We're academics, right? Some consider us know-it-alls, so confident in our areas of expertise that we feel authorized to issue pronouncements on just about everything--including the proper way to consume M&M's.
I separate them by color and then eat the smallest color group first, but my esteemed colleague from the math department told me today that I'm doing it backward.
"You have to eat the largest color group first and save the smallest for last," he says, "because the groups with fewer M&M's are more scarce and therefore more valuable."
"No, I have to eat the smallest group first and leave the biggest group for last," I insist, but when he asks why I deflect attention to the other side of the table, where a historian is eating animal crackers without first separating them into species.
"I don't even know what species some of these are supposed to be," he says, which is a valid complaint--in fact, I'm not sure why animal crackers are called crackers when they're clearly butter cookies.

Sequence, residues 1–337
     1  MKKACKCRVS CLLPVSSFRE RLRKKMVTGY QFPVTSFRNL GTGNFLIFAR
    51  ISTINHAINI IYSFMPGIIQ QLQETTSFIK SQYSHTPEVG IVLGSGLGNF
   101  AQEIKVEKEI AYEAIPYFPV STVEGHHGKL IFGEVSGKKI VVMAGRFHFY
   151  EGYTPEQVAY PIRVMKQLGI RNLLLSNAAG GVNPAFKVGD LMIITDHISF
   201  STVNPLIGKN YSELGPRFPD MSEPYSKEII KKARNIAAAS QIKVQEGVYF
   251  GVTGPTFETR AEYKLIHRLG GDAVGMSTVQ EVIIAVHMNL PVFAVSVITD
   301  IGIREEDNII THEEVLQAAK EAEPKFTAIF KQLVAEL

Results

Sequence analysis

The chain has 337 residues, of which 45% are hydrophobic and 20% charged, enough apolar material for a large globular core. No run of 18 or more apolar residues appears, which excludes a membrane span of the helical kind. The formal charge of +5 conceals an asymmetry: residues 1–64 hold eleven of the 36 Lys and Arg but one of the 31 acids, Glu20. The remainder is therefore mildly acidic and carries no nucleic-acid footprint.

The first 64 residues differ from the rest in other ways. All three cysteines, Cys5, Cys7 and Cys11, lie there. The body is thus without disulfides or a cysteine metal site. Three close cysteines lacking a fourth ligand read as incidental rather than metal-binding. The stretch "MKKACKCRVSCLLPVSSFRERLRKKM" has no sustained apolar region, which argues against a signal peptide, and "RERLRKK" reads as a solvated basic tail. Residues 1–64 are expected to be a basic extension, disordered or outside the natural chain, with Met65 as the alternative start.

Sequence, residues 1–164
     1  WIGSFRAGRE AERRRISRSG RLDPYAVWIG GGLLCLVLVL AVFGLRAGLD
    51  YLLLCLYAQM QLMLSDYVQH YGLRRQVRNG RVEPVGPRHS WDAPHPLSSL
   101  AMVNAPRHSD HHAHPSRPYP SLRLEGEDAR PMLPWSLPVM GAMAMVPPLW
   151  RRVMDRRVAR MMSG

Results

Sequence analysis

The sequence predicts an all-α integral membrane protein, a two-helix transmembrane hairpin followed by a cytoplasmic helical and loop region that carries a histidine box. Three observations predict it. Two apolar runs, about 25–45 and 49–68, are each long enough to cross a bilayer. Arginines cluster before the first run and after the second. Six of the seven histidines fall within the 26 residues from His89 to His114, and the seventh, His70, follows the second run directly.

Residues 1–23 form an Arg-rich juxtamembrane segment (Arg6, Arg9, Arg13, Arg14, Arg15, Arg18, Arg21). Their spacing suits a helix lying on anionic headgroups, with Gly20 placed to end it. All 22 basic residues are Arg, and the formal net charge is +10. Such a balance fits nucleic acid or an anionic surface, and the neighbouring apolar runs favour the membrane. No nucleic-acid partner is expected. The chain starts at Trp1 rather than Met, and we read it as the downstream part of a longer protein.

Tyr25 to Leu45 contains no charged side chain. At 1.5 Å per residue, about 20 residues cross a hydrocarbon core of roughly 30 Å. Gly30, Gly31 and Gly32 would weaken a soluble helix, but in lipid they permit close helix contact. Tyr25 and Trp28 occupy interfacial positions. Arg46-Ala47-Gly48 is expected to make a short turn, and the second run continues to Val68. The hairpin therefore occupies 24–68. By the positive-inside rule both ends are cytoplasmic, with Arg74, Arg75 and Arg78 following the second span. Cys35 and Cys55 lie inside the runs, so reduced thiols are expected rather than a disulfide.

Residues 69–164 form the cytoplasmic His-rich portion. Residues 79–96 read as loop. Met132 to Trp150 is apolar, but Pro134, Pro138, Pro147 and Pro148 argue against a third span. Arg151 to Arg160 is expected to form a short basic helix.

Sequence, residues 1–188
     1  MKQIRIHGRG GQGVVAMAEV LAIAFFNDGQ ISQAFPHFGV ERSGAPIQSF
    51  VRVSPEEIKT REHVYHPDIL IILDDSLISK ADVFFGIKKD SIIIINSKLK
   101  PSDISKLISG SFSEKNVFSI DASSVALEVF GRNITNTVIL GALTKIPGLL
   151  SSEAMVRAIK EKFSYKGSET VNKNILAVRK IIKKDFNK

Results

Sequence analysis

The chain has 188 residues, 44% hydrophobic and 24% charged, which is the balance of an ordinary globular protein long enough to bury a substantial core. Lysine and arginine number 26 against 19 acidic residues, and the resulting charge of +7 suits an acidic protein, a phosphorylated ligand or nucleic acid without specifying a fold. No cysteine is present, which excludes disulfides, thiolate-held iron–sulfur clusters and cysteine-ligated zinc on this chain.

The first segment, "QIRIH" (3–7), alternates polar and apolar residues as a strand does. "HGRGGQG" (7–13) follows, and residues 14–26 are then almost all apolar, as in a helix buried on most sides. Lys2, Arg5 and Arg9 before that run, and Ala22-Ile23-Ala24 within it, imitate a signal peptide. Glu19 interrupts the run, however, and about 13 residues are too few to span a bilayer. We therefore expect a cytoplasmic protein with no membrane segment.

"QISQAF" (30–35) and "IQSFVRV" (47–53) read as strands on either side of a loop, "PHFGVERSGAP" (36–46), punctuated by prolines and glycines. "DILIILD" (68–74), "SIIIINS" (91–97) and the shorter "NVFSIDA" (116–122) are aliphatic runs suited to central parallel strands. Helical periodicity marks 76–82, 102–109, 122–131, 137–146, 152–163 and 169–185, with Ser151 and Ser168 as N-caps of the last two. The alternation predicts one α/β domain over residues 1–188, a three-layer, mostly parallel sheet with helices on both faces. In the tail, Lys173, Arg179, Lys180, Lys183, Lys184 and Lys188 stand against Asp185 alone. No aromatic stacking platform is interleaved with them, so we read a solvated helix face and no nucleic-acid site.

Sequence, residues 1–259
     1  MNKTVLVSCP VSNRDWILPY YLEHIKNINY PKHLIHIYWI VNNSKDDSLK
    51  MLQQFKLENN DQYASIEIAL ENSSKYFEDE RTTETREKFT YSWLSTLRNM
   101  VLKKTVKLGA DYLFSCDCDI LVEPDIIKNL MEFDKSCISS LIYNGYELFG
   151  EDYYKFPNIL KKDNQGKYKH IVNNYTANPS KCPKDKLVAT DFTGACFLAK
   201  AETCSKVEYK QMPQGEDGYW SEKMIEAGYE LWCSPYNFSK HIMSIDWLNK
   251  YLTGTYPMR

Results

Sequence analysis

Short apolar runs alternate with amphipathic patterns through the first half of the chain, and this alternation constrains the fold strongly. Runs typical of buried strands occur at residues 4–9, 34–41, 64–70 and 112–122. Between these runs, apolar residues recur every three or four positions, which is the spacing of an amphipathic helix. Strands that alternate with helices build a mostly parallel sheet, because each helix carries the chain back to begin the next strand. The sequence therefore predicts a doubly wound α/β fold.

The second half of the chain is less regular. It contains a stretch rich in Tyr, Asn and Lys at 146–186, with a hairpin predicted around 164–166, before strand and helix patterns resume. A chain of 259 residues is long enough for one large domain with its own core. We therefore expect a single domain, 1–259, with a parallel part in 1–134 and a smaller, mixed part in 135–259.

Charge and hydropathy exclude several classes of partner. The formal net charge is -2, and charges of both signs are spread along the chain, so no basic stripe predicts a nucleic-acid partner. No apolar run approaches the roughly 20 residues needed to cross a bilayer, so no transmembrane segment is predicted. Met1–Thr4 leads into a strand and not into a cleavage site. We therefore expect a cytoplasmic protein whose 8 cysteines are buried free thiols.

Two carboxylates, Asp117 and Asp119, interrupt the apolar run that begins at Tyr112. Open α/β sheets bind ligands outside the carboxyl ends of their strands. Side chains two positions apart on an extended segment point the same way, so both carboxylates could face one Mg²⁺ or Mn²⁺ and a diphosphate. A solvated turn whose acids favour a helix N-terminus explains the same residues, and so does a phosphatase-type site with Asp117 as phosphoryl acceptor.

But back to the point: when eating animal crackers, I have to separate them by species and then eat the broken ones first, the ones missing legs or heads or chunks of torso.
"To put them out of their misery," says the mathematician with a smile. Yes! Of course! We may disagree on the proper way to eat M&M's, but we're in total agreement on the necessity of eating the maimed animal crackers first.
Meanwhile, our colleague from the counseling center sits at the other side of the table looking blank, as if she might be surreptitiously taking notes for a study on Consumption Compulsions of College Professor. But what does she know? She hasn't even sorted her animal crackers!